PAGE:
Vicksburg National Military Park

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Vicksburg National Military Park
Vicksburg-illinois-memorial.jpg
The Illinois State Memorial in Vicksburg National Military Park. The structure was modeled after Rome's Temple of Minerva Medici and the Pantheon. The memorial was dedicated on October 26, 1906.
Location within Mississippi
Location within Mississippi
Location Vicksburg, Mississippi & Delta, Louisiana, USA
Coordinates 32°20′38″N 90°51′5″W / 32.34389°N 90.85139°W / 32.34389; -90.85139Coordinates: 32°20′38″N 90°51′5″W / 32.34389°N 90.85139°W / 32.34389; -90.85139
Area 1,852.75 acres (749.78 ha)
Built February 21, 1899 (February 21, 1899)
Architectural style Greek Revival
Visitation 703,484 (2005)
Governing body National Park Service
NRHP Reference # 66000100
Added to NRHP October 15, 1966

Vicksburg National Military Park preserves the site of the American Civil War Battle of Vicksburg, waged from May 18 to July 4, 1863. The park, in Vicksburg, Mississippi, and Delta, Louisiana, also commemorates the greater Vicksburg Campaign, which preceded the battle. Reconstructed forts and trenches evoke memories of the 47-day siege that ended in the surrender of the city. Victory here and at Port Hudson gave the United States control of the Mississippi River.

Battlefield[edit]

Park ranger prepares meal in campfire demonstration at Vicksburg National Military Park (1975).

The park includes 1,325 historic monuments and markers, 20 miles (32 km) of historic trenches and earthworks, a 16-mile (26 km) tour road, a 12.5-mile (20.1 km) walking trail, two antebellum homes, 144 emplaced cannons, restored gunboat USS Cairo (sunk on December 12, 1862, on the Yazoo River, recovered successfully in 1964), and the Grant's Canal site, where the Union army attempted to build a canal to let their ships bypass Confederate artillery fire. The Cairo, also known as the "Hardluck Ironclad," was the first U.S. ship in history to be sunk by a torpedo/mine. It was raised in 1964. The Illinois State Memorial has 47 steps, one for every day Vicksburg was besieged.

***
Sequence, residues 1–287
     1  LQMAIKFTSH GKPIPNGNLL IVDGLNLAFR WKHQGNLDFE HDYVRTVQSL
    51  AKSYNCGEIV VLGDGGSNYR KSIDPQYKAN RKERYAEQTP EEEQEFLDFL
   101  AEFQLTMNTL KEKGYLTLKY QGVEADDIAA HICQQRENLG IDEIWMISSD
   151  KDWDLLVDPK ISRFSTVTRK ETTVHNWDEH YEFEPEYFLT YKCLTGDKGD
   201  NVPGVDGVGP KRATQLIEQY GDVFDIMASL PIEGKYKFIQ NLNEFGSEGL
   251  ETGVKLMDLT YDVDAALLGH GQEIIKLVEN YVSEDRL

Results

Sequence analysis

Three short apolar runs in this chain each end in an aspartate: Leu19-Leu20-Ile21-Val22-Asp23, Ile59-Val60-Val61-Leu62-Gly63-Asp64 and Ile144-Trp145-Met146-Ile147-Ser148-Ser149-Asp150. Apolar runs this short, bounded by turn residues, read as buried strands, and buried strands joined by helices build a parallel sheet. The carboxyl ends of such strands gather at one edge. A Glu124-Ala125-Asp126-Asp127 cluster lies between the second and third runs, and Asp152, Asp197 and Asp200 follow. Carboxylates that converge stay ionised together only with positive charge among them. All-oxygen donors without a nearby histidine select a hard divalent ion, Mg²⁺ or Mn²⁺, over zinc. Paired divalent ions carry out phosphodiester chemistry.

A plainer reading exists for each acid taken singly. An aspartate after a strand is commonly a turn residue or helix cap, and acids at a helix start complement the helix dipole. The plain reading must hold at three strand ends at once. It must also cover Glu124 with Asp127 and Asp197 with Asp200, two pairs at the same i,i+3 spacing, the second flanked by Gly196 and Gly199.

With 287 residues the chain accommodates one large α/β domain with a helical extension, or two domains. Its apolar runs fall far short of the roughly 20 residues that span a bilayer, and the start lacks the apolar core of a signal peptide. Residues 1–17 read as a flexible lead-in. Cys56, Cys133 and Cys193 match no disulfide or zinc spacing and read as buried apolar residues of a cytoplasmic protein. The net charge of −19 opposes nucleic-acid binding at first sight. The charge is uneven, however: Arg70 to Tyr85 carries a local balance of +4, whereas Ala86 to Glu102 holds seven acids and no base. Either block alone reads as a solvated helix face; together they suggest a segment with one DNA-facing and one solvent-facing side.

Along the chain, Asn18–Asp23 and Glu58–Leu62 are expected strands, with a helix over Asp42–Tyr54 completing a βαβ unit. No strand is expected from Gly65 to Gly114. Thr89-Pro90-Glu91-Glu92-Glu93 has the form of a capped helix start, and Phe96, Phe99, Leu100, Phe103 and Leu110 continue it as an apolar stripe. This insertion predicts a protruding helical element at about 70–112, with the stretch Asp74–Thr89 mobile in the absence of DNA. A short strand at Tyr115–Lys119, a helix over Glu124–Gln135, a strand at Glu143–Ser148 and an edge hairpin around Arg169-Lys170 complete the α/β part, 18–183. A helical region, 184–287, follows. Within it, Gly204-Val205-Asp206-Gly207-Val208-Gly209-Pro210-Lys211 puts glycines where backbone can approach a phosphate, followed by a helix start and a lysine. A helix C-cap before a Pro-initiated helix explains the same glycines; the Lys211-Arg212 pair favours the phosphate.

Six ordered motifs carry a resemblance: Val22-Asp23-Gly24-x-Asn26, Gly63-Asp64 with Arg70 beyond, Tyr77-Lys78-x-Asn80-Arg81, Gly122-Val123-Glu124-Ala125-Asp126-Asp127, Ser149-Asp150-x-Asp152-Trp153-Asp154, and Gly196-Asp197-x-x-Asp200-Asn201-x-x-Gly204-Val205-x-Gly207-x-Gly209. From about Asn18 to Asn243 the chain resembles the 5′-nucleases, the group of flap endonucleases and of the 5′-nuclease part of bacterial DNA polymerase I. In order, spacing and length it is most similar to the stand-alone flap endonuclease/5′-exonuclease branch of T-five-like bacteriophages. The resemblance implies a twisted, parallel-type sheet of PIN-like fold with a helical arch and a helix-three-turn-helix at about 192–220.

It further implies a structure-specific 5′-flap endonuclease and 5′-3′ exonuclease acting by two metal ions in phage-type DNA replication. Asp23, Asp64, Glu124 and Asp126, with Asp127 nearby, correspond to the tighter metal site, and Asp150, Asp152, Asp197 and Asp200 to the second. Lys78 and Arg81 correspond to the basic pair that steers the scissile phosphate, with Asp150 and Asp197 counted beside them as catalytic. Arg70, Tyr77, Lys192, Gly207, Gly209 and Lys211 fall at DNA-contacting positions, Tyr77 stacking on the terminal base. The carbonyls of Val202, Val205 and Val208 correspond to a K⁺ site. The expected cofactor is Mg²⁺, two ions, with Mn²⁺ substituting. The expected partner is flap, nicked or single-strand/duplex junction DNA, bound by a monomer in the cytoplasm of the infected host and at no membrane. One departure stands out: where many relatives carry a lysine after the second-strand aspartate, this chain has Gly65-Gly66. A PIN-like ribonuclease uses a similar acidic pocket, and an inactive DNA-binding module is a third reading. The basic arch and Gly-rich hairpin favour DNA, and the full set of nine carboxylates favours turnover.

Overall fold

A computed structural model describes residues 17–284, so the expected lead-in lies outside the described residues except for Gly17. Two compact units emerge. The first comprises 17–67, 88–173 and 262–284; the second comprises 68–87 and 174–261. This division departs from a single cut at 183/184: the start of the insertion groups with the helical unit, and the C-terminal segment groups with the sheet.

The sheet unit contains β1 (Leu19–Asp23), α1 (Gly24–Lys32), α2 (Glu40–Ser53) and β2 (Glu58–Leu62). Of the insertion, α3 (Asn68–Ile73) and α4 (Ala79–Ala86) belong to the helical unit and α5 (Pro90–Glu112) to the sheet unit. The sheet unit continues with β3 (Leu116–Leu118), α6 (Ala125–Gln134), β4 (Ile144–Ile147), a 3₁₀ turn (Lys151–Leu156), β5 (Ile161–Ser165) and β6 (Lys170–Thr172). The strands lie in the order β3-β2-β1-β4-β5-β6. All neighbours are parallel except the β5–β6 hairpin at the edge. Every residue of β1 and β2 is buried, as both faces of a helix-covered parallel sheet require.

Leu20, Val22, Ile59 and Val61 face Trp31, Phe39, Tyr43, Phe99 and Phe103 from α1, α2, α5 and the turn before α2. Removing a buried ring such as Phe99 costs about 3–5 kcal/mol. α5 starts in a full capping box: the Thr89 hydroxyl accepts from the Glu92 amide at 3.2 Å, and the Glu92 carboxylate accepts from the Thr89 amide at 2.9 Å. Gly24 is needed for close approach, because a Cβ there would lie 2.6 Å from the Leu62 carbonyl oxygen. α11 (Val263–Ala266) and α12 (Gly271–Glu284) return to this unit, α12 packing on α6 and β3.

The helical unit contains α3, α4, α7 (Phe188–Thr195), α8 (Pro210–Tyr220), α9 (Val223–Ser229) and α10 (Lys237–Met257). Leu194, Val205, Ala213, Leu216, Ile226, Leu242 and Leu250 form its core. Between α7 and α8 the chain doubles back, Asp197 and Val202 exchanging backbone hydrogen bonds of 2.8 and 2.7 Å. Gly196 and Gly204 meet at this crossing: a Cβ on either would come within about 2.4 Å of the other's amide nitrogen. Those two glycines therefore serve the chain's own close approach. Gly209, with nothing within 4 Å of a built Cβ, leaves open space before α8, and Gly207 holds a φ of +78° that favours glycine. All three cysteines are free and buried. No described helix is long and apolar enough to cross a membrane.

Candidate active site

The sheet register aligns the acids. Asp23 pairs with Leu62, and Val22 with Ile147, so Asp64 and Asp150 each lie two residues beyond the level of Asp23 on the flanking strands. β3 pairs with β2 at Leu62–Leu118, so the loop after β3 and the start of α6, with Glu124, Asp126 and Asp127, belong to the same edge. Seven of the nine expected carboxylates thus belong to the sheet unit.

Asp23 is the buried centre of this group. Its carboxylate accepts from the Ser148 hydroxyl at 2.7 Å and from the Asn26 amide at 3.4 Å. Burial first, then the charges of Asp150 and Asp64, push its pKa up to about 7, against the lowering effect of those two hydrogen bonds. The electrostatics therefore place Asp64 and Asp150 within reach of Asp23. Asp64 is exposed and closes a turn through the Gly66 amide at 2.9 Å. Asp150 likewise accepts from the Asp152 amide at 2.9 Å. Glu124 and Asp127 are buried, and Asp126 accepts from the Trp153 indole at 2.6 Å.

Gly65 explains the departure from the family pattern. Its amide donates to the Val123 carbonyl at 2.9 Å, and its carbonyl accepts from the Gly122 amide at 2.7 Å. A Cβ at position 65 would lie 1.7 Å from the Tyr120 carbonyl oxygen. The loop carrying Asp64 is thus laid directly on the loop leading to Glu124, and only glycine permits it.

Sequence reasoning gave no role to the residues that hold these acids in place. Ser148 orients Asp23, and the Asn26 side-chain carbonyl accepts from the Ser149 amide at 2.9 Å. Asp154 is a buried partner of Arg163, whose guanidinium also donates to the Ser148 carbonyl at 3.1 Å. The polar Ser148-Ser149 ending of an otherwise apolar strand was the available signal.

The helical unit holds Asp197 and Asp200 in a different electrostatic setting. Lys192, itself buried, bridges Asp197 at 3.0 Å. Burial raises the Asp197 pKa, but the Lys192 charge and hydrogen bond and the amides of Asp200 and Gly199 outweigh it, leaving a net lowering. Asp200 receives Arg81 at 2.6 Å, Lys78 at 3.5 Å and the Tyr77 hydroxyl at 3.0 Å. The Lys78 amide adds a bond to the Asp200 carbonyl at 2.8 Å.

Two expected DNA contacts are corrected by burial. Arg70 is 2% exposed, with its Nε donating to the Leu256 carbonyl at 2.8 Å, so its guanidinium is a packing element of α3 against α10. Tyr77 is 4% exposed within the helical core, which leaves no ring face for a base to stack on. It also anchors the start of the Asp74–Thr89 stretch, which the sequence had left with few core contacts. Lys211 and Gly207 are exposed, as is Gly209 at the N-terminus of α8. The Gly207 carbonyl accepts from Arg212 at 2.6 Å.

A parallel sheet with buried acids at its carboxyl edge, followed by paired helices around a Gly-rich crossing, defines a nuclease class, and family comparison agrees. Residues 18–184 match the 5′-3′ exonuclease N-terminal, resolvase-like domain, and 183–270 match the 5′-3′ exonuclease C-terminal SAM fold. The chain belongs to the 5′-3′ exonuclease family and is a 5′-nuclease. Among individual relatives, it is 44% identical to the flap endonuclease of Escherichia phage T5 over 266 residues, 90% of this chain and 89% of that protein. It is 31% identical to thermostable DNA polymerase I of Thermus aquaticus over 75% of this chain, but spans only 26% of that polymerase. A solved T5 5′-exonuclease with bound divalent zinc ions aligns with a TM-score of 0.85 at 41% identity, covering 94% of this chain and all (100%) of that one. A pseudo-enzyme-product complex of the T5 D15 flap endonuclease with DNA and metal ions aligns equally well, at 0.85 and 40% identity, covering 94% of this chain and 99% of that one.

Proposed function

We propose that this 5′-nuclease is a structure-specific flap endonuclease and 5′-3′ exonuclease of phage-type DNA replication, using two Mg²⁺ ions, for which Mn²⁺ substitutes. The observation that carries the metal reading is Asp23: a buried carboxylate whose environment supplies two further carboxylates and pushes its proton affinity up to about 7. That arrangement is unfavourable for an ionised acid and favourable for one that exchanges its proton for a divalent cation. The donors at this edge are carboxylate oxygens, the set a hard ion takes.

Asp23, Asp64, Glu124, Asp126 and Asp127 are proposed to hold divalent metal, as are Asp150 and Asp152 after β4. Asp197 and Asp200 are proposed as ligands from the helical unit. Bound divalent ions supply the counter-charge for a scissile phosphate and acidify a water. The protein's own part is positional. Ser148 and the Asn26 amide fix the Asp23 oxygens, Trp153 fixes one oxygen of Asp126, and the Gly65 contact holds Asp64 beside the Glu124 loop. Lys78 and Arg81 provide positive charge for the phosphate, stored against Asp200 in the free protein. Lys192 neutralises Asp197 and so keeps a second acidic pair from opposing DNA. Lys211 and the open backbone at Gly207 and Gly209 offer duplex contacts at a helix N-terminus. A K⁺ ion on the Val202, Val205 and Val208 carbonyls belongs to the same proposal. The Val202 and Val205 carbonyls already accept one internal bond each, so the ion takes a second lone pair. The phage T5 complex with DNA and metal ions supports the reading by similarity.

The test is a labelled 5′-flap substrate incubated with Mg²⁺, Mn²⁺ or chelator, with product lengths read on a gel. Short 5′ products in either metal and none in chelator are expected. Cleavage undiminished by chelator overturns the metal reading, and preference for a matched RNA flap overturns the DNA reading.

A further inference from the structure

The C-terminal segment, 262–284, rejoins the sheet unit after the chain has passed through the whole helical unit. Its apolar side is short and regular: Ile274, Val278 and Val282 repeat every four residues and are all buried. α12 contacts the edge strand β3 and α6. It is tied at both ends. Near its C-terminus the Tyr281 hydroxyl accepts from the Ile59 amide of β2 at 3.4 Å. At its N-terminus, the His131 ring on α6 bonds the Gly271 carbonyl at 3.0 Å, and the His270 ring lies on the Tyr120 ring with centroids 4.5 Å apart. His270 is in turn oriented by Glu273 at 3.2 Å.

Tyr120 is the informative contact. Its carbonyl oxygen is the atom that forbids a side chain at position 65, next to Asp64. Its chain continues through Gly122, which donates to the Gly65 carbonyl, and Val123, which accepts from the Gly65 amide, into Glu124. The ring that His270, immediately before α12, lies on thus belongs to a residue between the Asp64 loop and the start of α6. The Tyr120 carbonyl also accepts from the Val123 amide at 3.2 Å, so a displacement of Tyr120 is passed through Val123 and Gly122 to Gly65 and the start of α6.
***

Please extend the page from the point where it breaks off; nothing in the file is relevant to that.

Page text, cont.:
Campaign against Vicksburg[edit]

Cemetery[edit]

The 116.28-acre (0.4706 km2) Vicksburg National Cemetery, is within the park. It has 18,244 interments (12,954 unidentified); grave space is not available. Date of Civil War interments: 1866-1874.

Grant's Canal[edit]

The remnants of Grant's Canal, a detached section of the military park, are located across from Vicksburg near Delta, Louisiana. Union Army Major General Ulysses S. Grant ordered the project, started on June 27, 1862, as part of his Vicksburg Campaign, with two goals in mind. The first was to alter the course of the Mississippi River in order to bypass the Confederate guns at Vicksburg. For various technical reasons the project failed to meet this goal. The river did change course by itself on April 26, 1876. The project met its second goal, keeping troops occupied during the laborious maneuvering required to begin the Battle of Vicksburg.

Administrative history[edit]

The national military park was established on February 21, 1899, to commemorate the siege and defense of Vicksburg. The park sprawls over 1,800 acres (7.3 km2) of land. The park and cemetery were transferred from the War Department to the National Park Service (NPS) on August 10, 1933. Of the park's 1,736.47 acres (not including the cemetery), 1,729.63 acres (6.9996 km2) are federally owned.

In the late 1950s, a portion of the park was transferred to the city as a local park in exchange for closing local roads running through the remainder of the park. It also allowed for the construction of Interstate 20. The monuments in land transferred to the city are still maintained by the NPS. As with all historic areas administered by the NPS, the park was listed on the National Register of Historic Places on October 15, 1966. Over a million visitors visit the park every year.

Gallery[edit]

References[edit]

External links[edit]